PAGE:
97-year-old Hungarian man suspected of abusing Jews and helping deport thousands of them during the Holocaust was taken into custody Wednesday, questioned and charged with war crimes, prosecutors said.
The case of Laszlo Csatary was brought to the attention of Hungarian authorities last year by the Simon Wiesenthal Center, a Jewish organization active in hunting down Nazis who have yet to be brought to justice.
In April, Csatary topped the organization's list of most-wanted Nazi war criminals.
Prosecutors decided to charge Csatary with the "unlawful torture of human beings," a war crime that carries a maximum sentence of life in prison.
Csatary's lawyer, Gabor Horvath B., said that a judge, acting on a request from prosecutors, ordered his client to be confined to house arrest for a maximum of 30 days. Horvath B. said he had appealed the ruling, which also opened the way for authorities to confiscate Csatary's passport.
As he left a Budapest courthouse Wednesday afternoon following the house arrest hearing, Csatary walked slowly down a flight of steps, leaning on a companion for support. He wore a thin jacket and tried to cover his face from photographers and TV crews. He did not speak with reporters but appeared bewildered by the attention.
Tibor Ibolya, Budapest's acting chief prosecutor, said Csatary recounted his Holocaust-era activities to authorities during questioning, saying he was following orders and carrying out his duty.
"The suspect denied having committed the crimes," Ibolya said, adding that during his testimony Csatary's "attitude toward some of his fellow men of a certain religion ... is not what we would consider normal."
Prosecutors detained Csatary in an early morning sweep because they were worried he may try to flee. He has lived at least in two separate Budapest apartments during the last few months.
"We took Csatary into custody at dawn from an address to which he had no connection until now," Ibolya said. "He cooperated with investigators."
Csatary's lawyer said his client had moved to a new location because he was tired of being badgered. On Monday, 40 people held a protest outside one of Csatary's purported homes but he was nowhere to be seen.
According to a summary of the case released by prosecutors, Csatary was a police officer in the Slovakian city of Kosice, at a time part of Hungary.
In May 1944, Csatary was named chief of an internment camp at a Kosice brick factory from where 12,000 Jews were deported to Auschwitz and other Nazi death camps. Authorities said Csatary was present when the trains were loaded and sent on their way.
Csatary "regularly" used a dog whip against the Jewish detainees "without any special reasons and irrespective of the assaulted people's sex, age or health condition," the prosecutors' statement said.
As one train departed with some 80 Jews crammed into one railcar, Csatary refused a request by one of the Jews to cut holes in the walls of the wagon to let more air in, the statement said.
"We took into consideration the severity of his acts, but we should not forget that the suspect is due the presumption of innocence," Ibolya said. "In our estimation, he will not be able to escape."
Ibolya said considering Csatary's age, he was in good physical and mental condition, although experts had yet to examine him.
Csatary was been convicted in absentia for war crimes in Czechoslovakia in 1948 and sentenced to death. He arrived in the Canadian province of Nova Scotia the following year, became a Canadian citizen in 1955 and worked as an art dealer in Montreal.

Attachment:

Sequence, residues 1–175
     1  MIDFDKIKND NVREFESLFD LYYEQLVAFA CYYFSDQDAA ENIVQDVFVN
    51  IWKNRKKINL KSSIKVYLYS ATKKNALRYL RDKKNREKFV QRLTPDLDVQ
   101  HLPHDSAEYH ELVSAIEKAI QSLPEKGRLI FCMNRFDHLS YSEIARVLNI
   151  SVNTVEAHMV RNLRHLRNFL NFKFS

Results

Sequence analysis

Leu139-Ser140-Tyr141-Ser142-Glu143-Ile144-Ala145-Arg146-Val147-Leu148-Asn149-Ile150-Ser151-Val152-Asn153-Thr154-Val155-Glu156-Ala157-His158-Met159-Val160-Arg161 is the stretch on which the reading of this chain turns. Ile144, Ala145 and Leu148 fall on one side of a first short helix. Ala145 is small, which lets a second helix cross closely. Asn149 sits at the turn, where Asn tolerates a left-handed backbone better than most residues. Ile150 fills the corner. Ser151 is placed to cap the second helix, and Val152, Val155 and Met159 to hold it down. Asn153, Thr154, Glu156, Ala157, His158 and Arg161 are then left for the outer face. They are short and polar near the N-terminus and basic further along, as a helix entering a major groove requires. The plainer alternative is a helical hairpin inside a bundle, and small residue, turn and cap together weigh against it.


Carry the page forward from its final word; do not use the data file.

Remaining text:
In October 1997, Canadian authorities said the 82-year-old had left the country, apparently bound for Europe, before they had the chance to decide his fate in a deportation hearing. His citizenship had been revoked in August and the deportation order was based on his obtaining citizenship by giving false information.
Canadian authorities alleged that Csatary had failed to provide information concerning his collaboration with Nazi occupation forces while serving with the Royal Hungarian Police and his participation in the internment and deportation to concentration camps of thousands of Hungarian Jews.
"I expect this case to continue for months, even taking into account that we are treating it as one that we would like to conclude as soon as possible," Ibolya said.
"When you look at a person like this, you shouldn't see an old frail person, but think of a man who at the height of his physical powers devoted all his energy to murdering or persecuting and murdering innocent men, women and children," Zuroff told the AP.
Zuroff, often described as the world's top Nazi hunter, was able to locate Csatary with the help an unidentified, paid informant.
In 2002, he launched "Operation Last Chance," which offers rewards for information on suspected Holocaust-era war criminals and lobbies for governments to put them on trial.
Hungarian prosecutors say Zuroff first told officials about Csatary in September 2011, meeting with them as recently as July 9 to provide more data about him.
While prosecutors acknowledge Zuroff's role in the case, they have also criticized him for alerting the press in April about his findings.
Ibolya, Budapest's acting chief prosecutor, said that by making the case public, Zuroff may also have put Csatary on alert, increasing the chance that he would try to escape and "greatly endangering the success of the investigation."
A year ago, another elderly suspect uncovered by Zuroff's reward program, Sandor Kepiro, was acquitted of war crime charges by a Budapest court because of insufficient evidence. Kepiro died in September at age 97, while the ruling was being appealed.
Alon Bernstein in Jerusalem and Bela Szandelszky in Budapest contributed to this report